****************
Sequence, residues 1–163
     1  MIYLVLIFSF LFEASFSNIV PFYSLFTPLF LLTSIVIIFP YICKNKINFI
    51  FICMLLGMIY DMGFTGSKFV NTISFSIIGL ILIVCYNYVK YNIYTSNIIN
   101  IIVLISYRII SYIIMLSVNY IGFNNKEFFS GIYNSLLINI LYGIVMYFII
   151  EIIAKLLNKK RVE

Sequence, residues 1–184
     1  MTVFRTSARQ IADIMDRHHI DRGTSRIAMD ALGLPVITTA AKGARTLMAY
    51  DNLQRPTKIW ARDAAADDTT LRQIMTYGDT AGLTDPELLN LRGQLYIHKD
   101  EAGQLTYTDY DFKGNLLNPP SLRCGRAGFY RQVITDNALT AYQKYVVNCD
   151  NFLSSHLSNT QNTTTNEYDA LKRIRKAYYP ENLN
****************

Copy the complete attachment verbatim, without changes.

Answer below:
Sequence, residues 1–163
     1  MIYLVLIFSF LFEASFSNIV PFYSLFTPLF LLTSIVIIFP YICKNKINFI
    51  FICMLLGMIY DMGFTGSKFV NTISFSIIGL ILIVCYNYVK YNIYTSNIIN
   101  IIVLISYRII SYIIMLSVNY IGFNNKEFFS GIYNSLLINI LYGIVMYFII
   151  EIIAKLLNKK RVE

Sequence, residues 1–184
     1  MTVFRTSARQ IADIMDRHHI DRGTSRIAMD ALGLPVITTA AKGARTLMAY
    51  DNLQRPTKIW ARDAAADDTT LRQIMTYGDT AGLTDPELLN LRGQLYIHKD
   101  EAGQLTYTDY DFKGNLLNPP SLRCGRAGFY RQVITDNALT AYQKYVVNCD
   151  NFLSSHLSNT QNTTTNEYDA LKRIRKAYYP ENLN